I’m 25 and that lifetime in itself doesn’t mean we have solved every single problem that has been faced in terms of creating jobs and creating an ability for a family to continue to create jobs. Understand that how a family creates jobs is being able to [in the Western context] take their kid to high school and varsity and that ultimately leading to an education, leading them to a job.


You are an exception to the statistics, how would you advise black youth to create a better future for themselves?

Nobody is going to do it for you. It starts off at a point where if you want to get to a certain place you are going to have to get there yourself. Nobody is going to give you favours, nobody is going to give you hand-outs, and if you do then you better grab those with all your might and all your strength and run with it. It gets really difficult and one thing for sure, what you get given, if you can produce that tenfold you are likely to succeed no matter what industry you are in. It’s about making what you feel is important to remain important.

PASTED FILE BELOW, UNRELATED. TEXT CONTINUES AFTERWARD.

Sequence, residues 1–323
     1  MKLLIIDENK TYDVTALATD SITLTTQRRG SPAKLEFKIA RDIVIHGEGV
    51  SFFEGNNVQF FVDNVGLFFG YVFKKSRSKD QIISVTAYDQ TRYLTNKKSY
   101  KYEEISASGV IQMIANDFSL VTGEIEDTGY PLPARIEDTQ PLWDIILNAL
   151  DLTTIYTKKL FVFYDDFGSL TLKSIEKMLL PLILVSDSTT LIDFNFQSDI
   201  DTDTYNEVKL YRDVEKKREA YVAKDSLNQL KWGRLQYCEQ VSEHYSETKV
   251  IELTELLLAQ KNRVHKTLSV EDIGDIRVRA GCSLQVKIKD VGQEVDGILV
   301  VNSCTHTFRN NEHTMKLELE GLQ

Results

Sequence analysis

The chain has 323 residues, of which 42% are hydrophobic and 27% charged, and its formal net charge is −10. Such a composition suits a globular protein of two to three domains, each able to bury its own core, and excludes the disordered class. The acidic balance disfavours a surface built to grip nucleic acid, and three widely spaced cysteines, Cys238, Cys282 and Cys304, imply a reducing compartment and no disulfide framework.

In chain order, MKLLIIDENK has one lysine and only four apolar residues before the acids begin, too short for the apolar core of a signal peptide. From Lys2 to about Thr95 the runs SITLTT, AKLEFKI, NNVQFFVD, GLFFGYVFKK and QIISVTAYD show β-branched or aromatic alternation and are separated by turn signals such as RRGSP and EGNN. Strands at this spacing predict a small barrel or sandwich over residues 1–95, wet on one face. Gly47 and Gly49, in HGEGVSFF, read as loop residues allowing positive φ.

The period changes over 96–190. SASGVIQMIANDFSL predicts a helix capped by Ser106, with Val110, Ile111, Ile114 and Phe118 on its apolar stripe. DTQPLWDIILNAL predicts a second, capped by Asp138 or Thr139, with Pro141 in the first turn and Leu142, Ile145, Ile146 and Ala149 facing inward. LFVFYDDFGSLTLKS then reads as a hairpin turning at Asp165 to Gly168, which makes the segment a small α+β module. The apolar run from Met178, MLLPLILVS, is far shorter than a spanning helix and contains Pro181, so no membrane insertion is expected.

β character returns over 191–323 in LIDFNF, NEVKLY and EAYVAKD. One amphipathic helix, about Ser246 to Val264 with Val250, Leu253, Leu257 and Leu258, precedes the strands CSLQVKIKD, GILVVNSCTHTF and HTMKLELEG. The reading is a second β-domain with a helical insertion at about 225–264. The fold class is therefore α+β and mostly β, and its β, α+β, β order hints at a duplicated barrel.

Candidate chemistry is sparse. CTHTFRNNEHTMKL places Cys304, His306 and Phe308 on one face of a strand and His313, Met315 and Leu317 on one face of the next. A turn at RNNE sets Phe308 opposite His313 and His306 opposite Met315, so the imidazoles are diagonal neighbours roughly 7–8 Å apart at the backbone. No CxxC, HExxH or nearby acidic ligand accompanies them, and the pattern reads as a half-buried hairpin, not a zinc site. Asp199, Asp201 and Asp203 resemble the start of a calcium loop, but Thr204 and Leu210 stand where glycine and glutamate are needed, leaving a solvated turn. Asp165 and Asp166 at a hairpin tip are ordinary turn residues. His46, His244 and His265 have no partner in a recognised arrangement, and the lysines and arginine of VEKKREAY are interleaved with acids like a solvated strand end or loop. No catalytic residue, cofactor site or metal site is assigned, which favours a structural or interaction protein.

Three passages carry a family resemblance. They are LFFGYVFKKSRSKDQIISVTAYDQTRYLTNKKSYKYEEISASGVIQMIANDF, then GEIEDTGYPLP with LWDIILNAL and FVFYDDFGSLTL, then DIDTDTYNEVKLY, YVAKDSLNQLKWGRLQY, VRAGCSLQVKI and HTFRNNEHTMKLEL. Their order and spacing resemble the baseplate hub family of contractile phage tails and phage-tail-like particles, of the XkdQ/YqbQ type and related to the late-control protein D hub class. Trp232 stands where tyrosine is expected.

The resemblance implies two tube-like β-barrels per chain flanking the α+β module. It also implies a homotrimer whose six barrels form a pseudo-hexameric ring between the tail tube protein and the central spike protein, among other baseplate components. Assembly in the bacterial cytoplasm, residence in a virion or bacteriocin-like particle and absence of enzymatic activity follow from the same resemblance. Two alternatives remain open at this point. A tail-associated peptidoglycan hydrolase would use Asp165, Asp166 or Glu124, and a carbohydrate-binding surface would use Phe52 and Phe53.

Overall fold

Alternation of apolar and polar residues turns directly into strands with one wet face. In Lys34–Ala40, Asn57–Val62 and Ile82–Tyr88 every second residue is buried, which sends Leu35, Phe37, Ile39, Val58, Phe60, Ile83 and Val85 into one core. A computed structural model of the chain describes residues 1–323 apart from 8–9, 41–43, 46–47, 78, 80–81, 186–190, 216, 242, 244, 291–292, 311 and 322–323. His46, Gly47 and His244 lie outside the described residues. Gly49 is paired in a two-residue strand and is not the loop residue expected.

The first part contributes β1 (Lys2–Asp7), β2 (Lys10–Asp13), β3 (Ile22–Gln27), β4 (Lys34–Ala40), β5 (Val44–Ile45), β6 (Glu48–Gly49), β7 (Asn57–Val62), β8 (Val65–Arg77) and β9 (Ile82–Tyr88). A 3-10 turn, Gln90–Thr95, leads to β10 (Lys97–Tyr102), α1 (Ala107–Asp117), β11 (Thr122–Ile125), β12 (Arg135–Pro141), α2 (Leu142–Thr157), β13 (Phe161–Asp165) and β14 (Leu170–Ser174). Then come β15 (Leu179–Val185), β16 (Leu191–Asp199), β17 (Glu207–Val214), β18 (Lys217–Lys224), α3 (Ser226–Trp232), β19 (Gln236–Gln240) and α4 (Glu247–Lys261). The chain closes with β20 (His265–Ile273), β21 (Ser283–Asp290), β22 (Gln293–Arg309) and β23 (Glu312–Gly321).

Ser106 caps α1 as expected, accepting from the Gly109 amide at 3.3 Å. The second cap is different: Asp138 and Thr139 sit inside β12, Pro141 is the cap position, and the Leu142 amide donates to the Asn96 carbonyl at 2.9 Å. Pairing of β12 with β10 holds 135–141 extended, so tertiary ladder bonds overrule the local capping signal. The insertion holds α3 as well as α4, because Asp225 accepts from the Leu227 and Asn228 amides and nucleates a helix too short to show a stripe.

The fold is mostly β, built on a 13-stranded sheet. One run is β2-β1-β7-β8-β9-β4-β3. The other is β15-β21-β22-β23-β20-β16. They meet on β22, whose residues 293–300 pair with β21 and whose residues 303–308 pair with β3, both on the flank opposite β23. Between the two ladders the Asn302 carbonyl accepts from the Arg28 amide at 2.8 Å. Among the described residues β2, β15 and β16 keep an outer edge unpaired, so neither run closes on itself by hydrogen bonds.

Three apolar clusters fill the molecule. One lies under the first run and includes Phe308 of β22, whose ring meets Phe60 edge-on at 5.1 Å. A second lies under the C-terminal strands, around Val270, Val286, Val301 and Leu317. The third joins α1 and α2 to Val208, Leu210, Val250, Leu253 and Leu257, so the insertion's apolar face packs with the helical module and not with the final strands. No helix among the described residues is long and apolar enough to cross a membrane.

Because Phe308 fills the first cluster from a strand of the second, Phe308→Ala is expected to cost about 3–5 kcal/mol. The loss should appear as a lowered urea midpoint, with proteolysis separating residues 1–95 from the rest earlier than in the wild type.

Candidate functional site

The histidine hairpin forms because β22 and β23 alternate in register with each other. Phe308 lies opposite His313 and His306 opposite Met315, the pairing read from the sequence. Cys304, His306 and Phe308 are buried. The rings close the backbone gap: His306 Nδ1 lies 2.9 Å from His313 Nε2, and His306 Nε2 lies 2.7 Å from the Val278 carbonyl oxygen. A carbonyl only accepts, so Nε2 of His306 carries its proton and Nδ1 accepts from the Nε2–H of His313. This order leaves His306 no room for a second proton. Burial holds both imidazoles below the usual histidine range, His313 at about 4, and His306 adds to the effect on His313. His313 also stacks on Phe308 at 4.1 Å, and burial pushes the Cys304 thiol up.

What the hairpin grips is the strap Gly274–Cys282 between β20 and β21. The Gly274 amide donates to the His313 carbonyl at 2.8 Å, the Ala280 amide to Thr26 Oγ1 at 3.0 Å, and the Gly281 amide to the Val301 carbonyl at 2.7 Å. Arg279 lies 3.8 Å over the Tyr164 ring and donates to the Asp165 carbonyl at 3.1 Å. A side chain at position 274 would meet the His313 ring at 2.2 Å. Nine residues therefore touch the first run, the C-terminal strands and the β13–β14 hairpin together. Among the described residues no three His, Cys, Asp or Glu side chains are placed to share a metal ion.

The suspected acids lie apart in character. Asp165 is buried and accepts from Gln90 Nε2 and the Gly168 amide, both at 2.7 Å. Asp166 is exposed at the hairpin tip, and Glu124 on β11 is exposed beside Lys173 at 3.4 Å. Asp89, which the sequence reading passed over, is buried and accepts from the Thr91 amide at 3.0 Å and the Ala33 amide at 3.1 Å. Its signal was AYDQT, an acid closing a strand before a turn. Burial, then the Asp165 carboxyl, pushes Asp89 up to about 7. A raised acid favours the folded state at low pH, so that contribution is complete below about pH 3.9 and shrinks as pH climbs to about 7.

REVIEW: Marikana movie Filmmaker Rehad Desai tells the story of the Marikana tragedy in a real time film

In the same way that Shaka bearing his spears was not on an equal footing with the British colonialists and their rifles, the Marikana miners with their machetes and knobkerries could not have been a true threat to the police.

They were met with nyalas, revolvers, stun grenades and hundreds of police officers. A line was crossed on August 16 2012. That line was the blurry line between self-defence and murder. The Wits Club on West Campus was transformed into a movie theatre on Monday night for a screening of a rough-cut of Rehad Desai’s film, which has the working title of Countdown to Marikana Massacre.